Despite the attention big data has received in the media and among the technology community, it is surprising that we are still shortchanging the full capabilities of what data can do for us. At times, we get caught up in the excitement of the technical challenge of processing big data and lose sight of the ultimate goal: to derive meaningful insights that can help us make informed decisions and take action to improve our businesses and our lives.
I recently spoke on the topic of automating content at the O’Reilly Strata Conference. It was interesting to see the various ways companies are attempting to make sense out of big data. Currently, the lion’s share of the attention is focused on ways to analyze and crunch data, but very little has been done to help communicate results of big data analysis. Data can be a very valuable asset if properly exploited. As I’ll describe, there are many interesting applications one can create with big data that can describe insights or even become monetizable products.
To date, the de facto format for representing big data has been visualizations. While visualizations are great for compacting a large amount of data into something that can be interpreted and understood, the problem is just that — visualizations still require interpretation. There were many sessions at Strata about how to create effective visualizations, but the reality is the quality of visualizations in the real world varies dramatically. Even for the visualizations that do make intuitive sense, they often require some expertise and knowledge of the underlying data. That means a large number of people who would be interested in the analysis won’t be able to gain anything useful from it because they don’t know how to interpret the information.
To be clear, I’m a big fan of visualizations, but they are not the end-all in data analysis. They should be considered just one tool in the big data toolbox. I think of data as the seeds for content, whereby data can ultimately be represented in a number of different formats depending on your requirements and target audiences. In essence, data are the seeds that can spout as large a content tree as your imagination will allow.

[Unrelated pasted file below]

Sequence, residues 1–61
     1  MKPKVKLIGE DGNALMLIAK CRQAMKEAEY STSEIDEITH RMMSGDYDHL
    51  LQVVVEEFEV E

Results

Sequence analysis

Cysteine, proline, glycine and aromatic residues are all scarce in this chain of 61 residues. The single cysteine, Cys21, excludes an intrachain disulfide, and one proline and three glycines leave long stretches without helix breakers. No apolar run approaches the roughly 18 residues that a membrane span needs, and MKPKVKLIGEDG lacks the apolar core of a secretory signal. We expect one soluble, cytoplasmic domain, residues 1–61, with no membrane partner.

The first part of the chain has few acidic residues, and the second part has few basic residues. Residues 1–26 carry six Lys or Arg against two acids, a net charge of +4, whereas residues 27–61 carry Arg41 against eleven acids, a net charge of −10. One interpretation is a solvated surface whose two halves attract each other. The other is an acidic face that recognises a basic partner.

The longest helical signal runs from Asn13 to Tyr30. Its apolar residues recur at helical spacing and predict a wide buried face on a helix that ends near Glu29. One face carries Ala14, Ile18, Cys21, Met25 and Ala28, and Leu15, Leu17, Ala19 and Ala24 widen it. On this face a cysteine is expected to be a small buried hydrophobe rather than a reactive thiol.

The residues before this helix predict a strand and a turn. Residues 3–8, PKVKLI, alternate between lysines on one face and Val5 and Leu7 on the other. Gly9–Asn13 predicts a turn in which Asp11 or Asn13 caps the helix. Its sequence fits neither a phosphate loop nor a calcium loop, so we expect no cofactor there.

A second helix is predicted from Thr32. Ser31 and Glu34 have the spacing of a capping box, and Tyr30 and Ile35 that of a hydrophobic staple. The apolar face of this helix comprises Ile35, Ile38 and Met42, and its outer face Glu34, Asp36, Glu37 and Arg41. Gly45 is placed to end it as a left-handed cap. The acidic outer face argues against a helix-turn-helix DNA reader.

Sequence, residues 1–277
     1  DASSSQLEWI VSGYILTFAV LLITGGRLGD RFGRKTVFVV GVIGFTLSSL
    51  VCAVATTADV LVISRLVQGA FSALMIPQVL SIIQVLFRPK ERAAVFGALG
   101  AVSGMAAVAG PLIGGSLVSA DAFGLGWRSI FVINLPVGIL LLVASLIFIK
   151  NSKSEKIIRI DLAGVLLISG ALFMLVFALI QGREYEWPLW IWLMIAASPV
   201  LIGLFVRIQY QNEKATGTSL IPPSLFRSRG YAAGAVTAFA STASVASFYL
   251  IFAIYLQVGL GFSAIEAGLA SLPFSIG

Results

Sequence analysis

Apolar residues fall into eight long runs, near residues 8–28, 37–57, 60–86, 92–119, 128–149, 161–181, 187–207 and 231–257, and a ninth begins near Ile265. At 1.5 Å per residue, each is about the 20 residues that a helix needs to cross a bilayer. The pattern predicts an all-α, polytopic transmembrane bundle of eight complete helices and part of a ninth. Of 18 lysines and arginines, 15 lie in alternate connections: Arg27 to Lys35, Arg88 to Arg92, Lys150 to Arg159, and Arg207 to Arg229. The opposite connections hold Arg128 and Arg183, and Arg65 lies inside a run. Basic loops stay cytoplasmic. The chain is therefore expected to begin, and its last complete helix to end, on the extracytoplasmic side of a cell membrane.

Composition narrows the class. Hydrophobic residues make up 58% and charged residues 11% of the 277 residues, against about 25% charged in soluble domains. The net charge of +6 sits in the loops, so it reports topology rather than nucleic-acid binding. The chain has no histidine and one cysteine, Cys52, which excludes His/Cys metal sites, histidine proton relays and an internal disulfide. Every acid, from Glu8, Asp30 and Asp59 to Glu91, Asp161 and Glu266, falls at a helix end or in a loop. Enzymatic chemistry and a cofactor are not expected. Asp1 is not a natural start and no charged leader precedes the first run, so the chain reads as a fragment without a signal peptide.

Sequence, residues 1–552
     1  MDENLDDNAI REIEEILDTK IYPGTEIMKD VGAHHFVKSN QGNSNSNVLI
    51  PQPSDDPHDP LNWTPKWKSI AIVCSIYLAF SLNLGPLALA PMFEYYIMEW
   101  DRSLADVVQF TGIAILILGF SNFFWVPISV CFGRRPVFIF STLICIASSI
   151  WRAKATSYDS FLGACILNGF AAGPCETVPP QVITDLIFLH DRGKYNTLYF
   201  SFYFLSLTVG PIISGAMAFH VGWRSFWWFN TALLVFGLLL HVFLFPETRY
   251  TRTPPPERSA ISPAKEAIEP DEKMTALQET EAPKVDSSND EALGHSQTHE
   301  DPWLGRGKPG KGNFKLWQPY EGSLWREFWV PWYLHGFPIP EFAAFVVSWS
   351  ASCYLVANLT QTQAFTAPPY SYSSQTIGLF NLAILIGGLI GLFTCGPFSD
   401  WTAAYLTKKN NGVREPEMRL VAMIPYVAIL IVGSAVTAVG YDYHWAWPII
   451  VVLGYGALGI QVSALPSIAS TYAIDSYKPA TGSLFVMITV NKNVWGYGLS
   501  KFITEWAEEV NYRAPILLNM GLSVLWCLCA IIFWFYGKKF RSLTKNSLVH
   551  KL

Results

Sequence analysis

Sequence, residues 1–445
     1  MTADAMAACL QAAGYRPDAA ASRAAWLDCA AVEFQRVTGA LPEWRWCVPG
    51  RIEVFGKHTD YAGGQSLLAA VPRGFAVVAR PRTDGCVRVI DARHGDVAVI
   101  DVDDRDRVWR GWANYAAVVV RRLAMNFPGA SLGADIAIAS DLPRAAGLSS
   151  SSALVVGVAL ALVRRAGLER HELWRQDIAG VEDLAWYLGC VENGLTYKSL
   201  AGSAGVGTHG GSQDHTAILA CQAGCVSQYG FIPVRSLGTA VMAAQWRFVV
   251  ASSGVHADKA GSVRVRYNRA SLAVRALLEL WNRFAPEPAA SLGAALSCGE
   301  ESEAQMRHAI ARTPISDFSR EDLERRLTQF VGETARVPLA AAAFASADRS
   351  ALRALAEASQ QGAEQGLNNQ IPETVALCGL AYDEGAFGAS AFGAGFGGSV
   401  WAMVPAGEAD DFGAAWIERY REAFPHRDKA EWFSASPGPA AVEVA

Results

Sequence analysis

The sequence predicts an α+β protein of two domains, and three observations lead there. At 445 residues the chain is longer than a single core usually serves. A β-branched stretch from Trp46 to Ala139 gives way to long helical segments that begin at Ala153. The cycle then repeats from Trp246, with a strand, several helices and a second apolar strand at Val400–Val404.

Below, I describe each limb of the content tree. The examples I cite are sports related because that’s what we’ve primarily focused on at my company, Automated Insights. But we’ve done very similar things in other content areas rich in big data, such as finance, real estate, traffic and several others. In each case, once we completed our analysis and targeted the type of content we wanted to create, we completely automated the future creation of the content.
By long-form, I mean three or more paragraphs — although it could be several pages or even book length — that use human-readable language to reveal key trends, records and deltas in data. This is the hardest form of content to automate, but technology in this space is rapidly improving. For example, here is a recap of an NFL game generated out of box score and play-by-play data.
A long-form sports recap driven by data. See the full story.
These are bullets, headlines, and tweets of insights that can boil a huge dataset into very actionable bits of language. For example, here is a game notes article that was created automatically out of an NCAA basketball box score and historical stats.
Mobile and social content
We’ve done a lot of work creating content for mobile applications and various social networks. Last year, we auto-generated more than a half-million tweets. For example, here is the automated Twitter stream we maintain that covers UNC Basketball.
By metrics, I’m referring to the process of creating a single number that’s representative of a larger dataset. Metrics are shortcuts to boil data into something easier to understand. For instance, we’ve created metrics for various sports, such as a quarterback ranking system that’s based on player performance.
Instead of thinking of data as something you crunch and analyze days or weeks after it was created, there are opportunities to turn big data into real-time information that provides interested users with updates as soon as they occur. We have a real-time NCAA basketball scoreboard that updates with new scores.
This is one few people consider, but creating content-based applications is a great way to make use of and monetize data. For example, we created StatSmack, which is an app that allows sports fans to discover 10-20+ statistically based “slams” that enable them to talk trash about any team.
A variation on visualizations
Used in the right context, visualizations can be an invaluable tool for understanding a large dataset. The secret is combining bulleted text-based insights with the graphical visualization to allow them to work together to truly inform the user. For example, this page has a chart of win probability over the course of game seven of the 2011 World Series game. It shows the ebb and flow of the game.
Play-by-play win probability from game seven of the 2011 World Series.
As more people get their heads around how to crunch and analyze data, the issue of how to effectively communicate insights from that data will be a bigger concern. We are still in the very early stages of this capability, so expect a lot of innovation over the next few years related to automating the conversion of data to content.